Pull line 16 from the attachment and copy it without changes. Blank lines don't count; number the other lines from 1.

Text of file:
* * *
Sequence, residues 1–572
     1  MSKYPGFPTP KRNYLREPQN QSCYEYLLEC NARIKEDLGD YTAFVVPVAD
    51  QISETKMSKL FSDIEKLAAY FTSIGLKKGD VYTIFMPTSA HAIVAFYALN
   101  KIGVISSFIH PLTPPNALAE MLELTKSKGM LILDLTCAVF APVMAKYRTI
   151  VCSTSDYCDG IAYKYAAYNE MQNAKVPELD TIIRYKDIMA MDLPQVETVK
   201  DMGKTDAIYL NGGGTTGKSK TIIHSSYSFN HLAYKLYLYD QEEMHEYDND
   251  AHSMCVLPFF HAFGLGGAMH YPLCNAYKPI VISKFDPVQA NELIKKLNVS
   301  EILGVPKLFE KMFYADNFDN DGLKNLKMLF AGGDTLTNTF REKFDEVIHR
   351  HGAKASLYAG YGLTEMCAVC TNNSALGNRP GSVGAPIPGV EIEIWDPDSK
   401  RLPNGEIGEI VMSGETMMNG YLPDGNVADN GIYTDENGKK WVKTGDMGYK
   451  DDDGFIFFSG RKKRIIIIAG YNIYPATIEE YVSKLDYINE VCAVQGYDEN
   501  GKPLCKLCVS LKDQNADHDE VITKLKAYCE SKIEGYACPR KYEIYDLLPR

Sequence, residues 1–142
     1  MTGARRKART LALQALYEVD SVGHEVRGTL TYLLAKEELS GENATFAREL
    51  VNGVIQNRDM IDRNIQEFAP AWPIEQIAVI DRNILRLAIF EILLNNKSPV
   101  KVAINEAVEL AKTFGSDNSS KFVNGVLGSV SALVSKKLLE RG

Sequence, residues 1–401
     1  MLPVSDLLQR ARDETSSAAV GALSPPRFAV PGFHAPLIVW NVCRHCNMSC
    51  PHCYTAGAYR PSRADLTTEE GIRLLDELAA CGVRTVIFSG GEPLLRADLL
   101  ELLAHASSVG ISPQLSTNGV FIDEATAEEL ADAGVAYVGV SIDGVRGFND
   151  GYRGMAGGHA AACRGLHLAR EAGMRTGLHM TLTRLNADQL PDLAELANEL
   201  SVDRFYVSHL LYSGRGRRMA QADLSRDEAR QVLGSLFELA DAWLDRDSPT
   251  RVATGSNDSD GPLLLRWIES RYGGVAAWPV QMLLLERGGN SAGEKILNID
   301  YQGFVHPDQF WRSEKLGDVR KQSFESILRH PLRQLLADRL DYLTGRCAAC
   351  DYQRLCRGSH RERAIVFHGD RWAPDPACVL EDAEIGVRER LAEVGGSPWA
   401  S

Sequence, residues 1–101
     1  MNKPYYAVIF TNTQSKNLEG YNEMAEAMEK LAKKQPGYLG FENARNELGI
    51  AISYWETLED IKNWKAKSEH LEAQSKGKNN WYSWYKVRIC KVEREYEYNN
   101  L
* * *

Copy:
   101  KVAINEAVEL AKTFGSDNSS KFVNGVLGSV SALVSKKLLE RG